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Iraq is 'potentially vulnerable' oil supplier, IEA says

Dubai — Iraq is a "potentially vulnerable" oil supplier and heightened security concerns about OPEC's second-biggest crude producer could make it more difficult to ensure sufficient spare production capacity, the International Energy Agency said on Thursday.

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"Recent events have shown that Iraq is a potentially vulnerable supplier, just as its strategic importance has grown," the Paris-based agency said in its monthly report. "Today, both China and India receive about 1 million b/d of oil from Iraq and another 1 million b/d moves to various European countries. In India's case, around 20% of its crude imports come from Iraq."

Refiners in the US consumed about 300,000 of Iraqi oil in January-October, the IEA said.

With its exports doubling to 4 million b/d today since 2010, Iraq's importance has risen, particularly in light of sanctions on OPEC members Iran and Venezuela, the IEA said.

"In the medium term, heightened security concerns might make it more difficult for Iraq to build production capacity," it said. "In turn, this could make it more difficult to ensure there is sufficient spare production capacity to meet rising global demand in the second half of this decade."

Iraq's compliance

Security concerns in Iraq have come to the fore following US killing of top Iranian commander in Baghdad earlier this month, prompting retaliatory attacks from Iran on US troops stationed in the country.

These attacks have stoked investor fears of disruption to oil supplies from the Middle East region and helped push oil prices this month to above $70/b for the first time since September. Brent has since retreated, hovering above $64/b.

Iraq pumped 4.59 million b/d in December, down from 4.65 million b/d in November, but still above its 4.51 million b/d quota under the previous OPEC + pact, IEA figures showed on Thursday.

Iraq flouted its OPEC oil cut commitments for most of last year, which was exacerbated by protests that targeted oil facilities in the fourth quarter of 2019. Under the new OPEC+ pact, Iraq will have to trim production by another 50,000 b/d.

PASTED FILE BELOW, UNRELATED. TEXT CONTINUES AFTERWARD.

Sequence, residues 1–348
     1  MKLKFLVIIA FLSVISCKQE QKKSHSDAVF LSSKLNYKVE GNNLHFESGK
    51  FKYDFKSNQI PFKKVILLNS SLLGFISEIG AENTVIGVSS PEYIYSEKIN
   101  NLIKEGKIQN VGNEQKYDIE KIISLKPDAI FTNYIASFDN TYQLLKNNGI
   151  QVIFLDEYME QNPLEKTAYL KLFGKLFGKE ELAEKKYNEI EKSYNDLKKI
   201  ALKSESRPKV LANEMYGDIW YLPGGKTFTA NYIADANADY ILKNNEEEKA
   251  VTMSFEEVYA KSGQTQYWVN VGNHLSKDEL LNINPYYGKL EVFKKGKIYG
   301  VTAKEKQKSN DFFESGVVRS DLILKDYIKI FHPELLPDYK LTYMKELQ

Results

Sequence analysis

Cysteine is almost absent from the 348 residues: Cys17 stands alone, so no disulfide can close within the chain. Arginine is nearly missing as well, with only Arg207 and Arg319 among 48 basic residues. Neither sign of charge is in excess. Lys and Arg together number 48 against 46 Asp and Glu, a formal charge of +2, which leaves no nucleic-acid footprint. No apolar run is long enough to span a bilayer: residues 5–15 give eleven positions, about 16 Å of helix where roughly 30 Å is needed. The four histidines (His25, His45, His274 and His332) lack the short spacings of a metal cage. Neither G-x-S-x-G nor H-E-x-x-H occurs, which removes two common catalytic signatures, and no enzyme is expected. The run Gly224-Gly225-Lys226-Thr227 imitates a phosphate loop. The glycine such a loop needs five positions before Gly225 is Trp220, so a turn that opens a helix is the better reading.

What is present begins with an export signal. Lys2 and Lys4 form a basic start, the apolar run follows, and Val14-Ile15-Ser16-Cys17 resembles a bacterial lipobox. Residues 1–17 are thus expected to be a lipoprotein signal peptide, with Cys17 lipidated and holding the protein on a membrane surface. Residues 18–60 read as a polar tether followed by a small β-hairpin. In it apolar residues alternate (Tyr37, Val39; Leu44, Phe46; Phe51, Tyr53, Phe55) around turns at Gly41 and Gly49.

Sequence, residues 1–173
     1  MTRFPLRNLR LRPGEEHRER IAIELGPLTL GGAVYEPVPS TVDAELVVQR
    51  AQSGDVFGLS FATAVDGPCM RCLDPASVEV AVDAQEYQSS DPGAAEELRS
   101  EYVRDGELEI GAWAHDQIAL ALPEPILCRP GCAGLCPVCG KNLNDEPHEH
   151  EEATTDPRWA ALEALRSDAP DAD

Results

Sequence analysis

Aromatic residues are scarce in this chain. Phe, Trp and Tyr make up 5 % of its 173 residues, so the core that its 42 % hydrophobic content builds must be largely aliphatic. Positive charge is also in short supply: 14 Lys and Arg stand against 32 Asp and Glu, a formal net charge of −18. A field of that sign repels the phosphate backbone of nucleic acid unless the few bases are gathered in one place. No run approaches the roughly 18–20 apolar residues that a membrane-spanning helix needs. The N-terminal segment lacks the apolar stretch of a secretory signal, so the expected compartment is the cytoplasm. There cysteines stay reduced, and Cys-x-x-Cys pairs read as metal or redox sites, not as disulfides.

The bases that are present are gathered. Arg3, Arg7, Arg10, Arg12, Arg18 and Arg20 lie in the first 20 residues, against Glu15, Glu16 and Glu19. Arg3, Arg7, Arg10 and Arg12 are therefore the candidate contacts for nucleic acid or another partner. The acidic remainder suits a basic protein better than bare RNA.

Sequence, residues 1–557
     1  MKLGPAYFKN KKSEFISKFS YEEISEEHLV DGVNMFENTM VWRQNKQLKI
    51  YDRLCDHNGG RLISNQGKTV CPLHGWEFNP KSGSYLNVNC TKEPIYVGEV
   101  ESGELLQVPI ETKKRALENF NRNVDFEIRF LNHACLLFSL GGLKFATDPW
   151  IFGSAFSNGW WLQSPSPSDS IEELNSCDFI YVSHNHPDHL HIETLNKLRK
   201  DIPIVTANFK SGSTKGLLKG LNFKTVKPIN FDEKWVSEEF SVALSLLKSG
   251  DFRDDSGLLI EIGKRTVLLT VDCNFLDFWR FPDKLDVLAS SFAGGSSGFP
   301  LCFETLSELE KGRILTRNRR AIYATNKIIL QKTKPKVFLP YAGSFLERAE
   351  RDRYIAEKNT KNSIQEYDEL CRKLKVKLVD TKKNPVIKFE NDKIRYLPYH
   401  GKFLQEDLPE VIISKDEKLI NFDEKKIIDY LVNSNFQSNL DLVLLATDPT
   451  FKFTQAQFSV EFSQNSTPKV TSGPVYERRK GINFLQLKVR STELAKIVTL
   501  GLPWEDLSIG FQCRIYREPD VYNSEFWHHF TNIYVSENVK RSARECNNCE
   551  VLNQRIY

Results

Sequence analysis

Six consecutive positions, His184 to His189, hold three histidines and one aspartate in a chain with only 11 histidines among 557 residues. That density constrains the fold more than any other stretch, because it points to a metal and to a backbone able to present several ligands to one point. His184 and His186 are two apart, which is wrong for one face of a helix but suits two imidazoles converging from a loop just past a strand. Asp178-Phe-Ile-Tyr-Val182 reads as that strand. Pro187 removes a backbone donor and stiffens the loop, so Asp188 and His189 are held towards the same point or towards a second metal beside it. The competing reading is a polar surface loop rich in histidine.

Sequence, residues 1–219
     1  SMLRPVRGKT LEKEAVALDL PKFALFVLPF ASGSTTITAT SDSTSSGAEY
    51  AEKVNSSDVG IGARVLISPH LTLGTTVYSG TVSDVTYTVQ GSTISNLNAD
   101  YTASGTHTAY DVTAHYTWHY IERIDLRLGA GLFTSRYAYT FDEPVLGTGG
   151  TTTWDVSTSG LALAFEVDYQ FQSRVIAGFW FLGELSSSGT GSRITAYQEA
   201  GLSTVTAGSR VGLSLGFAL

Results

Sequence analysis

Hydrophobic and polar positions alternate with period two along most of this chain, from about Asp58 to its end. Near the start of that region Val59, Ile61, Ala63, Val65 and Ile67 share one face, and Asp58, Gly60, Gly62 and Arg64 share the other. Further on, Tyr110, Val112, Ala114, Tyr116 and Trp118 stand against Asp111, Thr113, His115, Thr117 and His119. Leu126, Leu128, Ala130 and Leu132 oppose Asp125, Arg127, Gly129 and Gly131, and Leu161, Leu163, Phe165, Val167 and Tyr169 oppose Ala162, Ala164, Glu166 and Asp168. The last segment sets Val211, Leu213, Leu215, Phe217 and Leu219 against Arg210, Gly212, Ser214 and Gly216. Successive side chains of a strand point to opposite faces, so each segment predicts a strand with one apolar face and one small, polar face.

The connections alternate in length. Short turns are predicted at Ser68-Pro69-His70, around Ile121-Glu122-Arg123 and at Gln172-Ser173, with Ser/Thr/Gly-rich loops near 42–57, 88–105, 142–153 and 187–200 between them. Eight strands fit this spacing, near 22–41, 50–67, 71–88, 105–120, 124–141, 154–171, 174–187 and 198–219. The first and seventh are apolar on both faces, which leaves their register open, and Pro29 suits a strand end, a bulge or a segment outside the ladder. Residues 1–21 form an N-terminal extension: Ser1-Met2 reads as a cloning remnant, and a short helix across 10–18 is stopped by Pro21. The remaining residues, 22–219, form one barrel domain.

Iraq's oil production is steady at 4.46 million b/d in line with its OPEC+ quota and exports are averaging 3.45 million b/d, an oil ministry spokesperson said last week.

Both exports and production have not been impacted by recent events in Iraq, he said.

Iraqi exports are either shipped through Turkey's Ceyhan port on the Mediterranean, where some 400,000 b/d are transported, with the rest going through the Persian Gulf, the IEA said.

This increases supply risks because importers, especially from Asia, get their crude though the Gulf's strategic Strait of Hormuz, where around 20% of global oil supply including crude and condensate is transported to the world.

Oil majors

Security concerns have also prompted international oil companies such as ExxonMobil to withdraw American staff from the country after a US government advisory. Other oil majors may think twice about investing in Iraq, where nearly 63% of oil output was produced by IOCs in 2019, according to Rystad Energy.

BP, for example, was expected to ramp up production and boost its water injection program to become the third largest producer in Iraq, but the fate of this program is now uncertain, according to Rystad.

"Continued tensions in the region could see BP slow their water injection program down, and limit the high-side of production for the company and for other international players in southern Iraq," Matthew Fitzsimmons, vice president of oil field research at Rystad, said in the report. BP wasn't immediately available to comment.